“Every battle is won before it is fought”
– Sun Tsu/Bill Belichick
Earlier this week, I joined an awesome training by Joe Schriefer of Agora that may very well change the way I write sales pages and do launches.
If you want to check it out, it’s the “Copyboarding” training inside Copy Chief. Basically, it’s the technique Agora has been using to help newbie copywriters rip out 7-figure sales pages that only take about 3-5 days to write. (And these are loooooong sales letters.)
It fits in beautifully with the customer-awareness level stuff I’ve been rambling about the past few weeks.
The idea is this: You hook the reader with a compelling headline and lead (which I break down more here.)
Once the reader is engaged, they’re going to have dozens of doubts and objections.
“How do I know this will work for me?.” “But I’m not an expert”, “Why should I believe you?” etc.
The idea is to brainstorm all of the objections your customer will have in regards to your product ahead of time.
Then, organize them based on the order they will come up. From there, your sales page is just a matter of resolving one objection after the next.
Lots of sales pages do this naturally. You see people explain who they are before introducing price. Because “why should I listen to you” is the objection that pops up before “how much does this cost”?
There’s a lot of other important stuff to get through before you get to price. Which is why it’s towards the end.
Just the act of writing down out allllllll (I mean ALL) your customer objections and having ready-to-go answers will be huge.
But laying them out in the order they show up in your reader’s head provides tremendous clarity for your writing. Because while X, Y, and Z are all amazing benefits your product provides, not all of them matter to your reader just yet. Right now, you’ve got to focus on objection A. Because that’s the big screaming doubt in your client’s mind. Until that’s resolved, you’re not going to move them along the path of buying.
Once you resolve it, some other concern will arrive. So you resolve that and continue until they’ve reached the end of your pitch/sales page and have no more doubts or concern.
Of course, this all hinges on your ability to hook the reader in the first place. Which means you’ve got to get them to see you can give them a unique advantage in an area they care about. So things like figuring out your audience, finding a great hook, identifying your unique selling proposition, etc are all still important.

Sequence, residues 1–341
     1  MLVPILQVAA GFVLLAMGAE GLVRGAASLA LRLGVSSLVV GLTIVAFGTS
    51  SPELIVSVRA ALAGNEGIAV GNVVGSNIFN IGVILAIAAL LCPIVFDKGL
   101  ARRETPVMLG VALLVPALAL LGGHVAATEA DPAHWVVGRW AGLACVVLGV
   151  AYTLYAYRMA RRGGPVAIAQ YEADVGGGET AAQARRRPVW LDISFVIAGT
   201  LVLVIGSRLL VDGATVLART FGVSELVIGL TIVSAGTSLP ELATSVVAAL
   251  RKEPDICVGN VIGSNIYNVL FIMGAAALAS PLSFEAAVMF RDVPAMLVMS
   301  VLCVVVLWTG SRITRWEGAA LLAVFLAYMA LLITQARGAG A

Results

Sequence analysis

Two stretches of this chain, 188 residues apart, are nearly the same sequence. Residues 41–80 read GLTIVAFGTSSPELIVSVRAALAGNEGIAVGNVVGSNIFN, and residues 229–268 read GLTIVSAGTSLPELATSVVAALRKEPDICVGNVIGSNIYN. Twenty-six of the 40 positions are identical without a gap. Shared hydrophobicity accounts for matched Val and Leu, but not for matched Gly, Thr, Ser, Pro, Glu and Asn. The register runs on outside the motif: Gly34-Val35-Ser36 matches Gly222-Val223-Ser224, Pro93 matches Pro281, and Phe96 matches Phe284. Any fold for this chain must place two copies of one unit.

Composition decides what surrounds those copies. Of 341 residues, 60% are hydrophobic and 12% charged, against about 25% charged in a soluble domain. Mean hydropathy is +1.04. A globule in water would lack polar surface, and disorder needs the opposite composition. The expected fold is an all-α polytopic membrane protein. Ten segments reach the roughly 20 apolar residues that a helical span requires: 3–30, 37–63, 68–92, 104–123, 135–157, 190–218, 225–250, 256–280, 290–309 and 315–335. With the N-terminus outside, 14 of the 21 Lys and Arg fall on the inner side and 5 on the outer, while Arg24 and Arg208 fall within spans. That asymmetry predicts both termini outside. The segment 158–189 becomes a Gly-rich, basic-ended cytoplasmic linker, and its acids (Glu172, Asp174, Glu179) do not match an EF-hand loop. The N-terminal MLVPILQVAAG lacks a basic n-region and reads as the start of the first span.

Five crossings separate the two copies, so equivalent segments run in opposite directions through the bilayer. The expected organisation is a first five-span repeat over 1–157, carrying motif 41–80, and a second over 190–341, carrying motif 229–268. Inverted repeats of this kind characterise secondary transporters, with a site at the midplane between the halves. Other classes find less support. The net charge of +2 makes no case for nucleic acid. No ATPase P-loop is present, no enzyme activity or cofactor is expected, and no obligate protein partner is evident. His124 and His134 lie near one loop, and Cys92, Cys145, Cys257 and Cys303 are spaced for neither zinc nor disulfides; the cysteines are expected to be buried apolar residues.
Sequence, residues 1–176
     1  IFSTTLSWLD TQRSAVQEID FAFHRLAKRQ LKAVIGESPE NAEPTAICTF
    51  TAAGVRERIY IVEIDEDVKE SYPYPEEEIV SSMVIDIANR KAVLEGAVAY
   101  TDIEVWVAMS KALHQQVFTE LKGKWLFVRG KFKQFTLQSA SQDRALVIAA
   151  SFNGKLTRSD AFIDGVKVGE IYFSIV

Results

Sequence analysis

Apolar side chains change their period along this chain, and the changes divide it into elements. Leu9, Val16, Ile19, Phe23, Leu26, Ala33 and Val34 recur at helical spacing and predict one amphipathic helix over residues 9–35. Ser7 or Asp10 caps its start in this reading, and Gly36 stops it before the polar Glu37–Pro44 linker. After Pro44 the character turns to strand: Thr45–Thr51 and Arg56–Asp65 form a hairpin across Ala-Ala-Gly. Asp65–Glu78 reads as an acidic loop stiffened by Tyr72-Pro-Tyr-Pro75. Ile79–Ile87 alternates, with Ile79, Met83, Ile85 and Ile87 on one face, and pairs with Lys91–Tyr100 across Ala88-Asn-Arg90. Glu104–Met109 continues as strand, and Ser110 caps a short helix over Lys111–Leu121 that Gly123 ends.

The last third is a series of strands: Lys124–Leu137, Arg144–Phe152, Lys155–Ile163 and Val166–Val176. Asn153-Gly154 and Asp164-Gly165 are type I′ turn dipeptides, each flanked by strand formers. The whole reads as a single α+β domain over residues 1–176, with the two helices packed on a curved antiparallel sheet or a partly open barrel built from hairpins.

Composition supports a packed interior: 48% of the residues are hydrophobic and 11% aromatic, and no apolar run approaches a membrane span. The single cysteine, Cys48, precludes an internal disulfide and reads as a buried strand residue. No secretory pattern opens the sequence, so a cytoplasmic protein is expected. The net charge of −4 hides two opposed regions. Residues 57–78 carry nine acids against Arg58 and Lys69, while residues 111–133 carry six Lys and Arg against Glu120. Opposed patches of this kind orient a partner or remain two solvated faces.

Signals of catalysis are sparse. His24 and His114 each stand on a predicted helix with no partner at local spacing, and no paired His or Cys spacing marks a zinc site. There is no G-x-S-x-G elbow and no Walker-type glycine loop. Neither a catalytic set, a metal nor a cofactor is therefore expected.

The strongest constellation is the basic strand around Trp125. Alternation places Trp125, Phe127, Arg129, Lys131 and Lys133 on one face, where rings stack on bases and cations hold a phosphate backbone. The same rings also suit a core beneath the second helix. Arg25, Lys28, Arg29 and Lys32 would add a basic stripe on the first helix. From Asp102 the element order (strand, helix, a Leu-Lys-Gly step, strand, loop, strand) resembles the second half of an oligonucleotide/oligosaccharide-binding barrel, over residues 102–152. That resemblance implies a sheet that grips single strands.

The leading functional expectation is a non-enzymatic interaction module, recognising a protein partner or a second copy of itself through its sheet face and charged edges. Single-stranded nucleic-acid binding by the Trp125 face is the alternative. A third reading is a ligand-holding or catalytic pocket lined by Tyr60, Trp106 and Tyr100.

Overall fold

Now I haven’t tested this yet, but I see no reason why you can’t apply this same system to your sales funnel. Because a launch or evergreen funnel is basically a “sideways sales letter” as Jeff Walker puts it.
Once you paint the picture and get them to see the unique benefit you provide, you can spend the rest of the emails taking them on this journey of resolving their concerns as they come up. (Which, again, is basically what great funnels/sales letters are doing anyway.)
That’s just a super high-level overview. The training, which was put on by Agora copywriter Joe Schriefer, is great for copywriters and biz owners. I highly recommend you check it out in Copy Chief. It can shave a whole lot of time and help you avoid the crippling doubts/self-loathing that has a way of creeping in when writing long sales letters 😉
I’m not an affiliate or anything. Just thought this was awesome and wanted to share.
P.S. Tax tip! My friend just told me that his accountant told him that if you file a tax extension you have less of a chance of getting audited by the IRS. Reason being, they have a quota to hit for audits. So they try to get most of them done early because they don’t know how much they’ll have to work with once the extension comes in.
So, fun fact.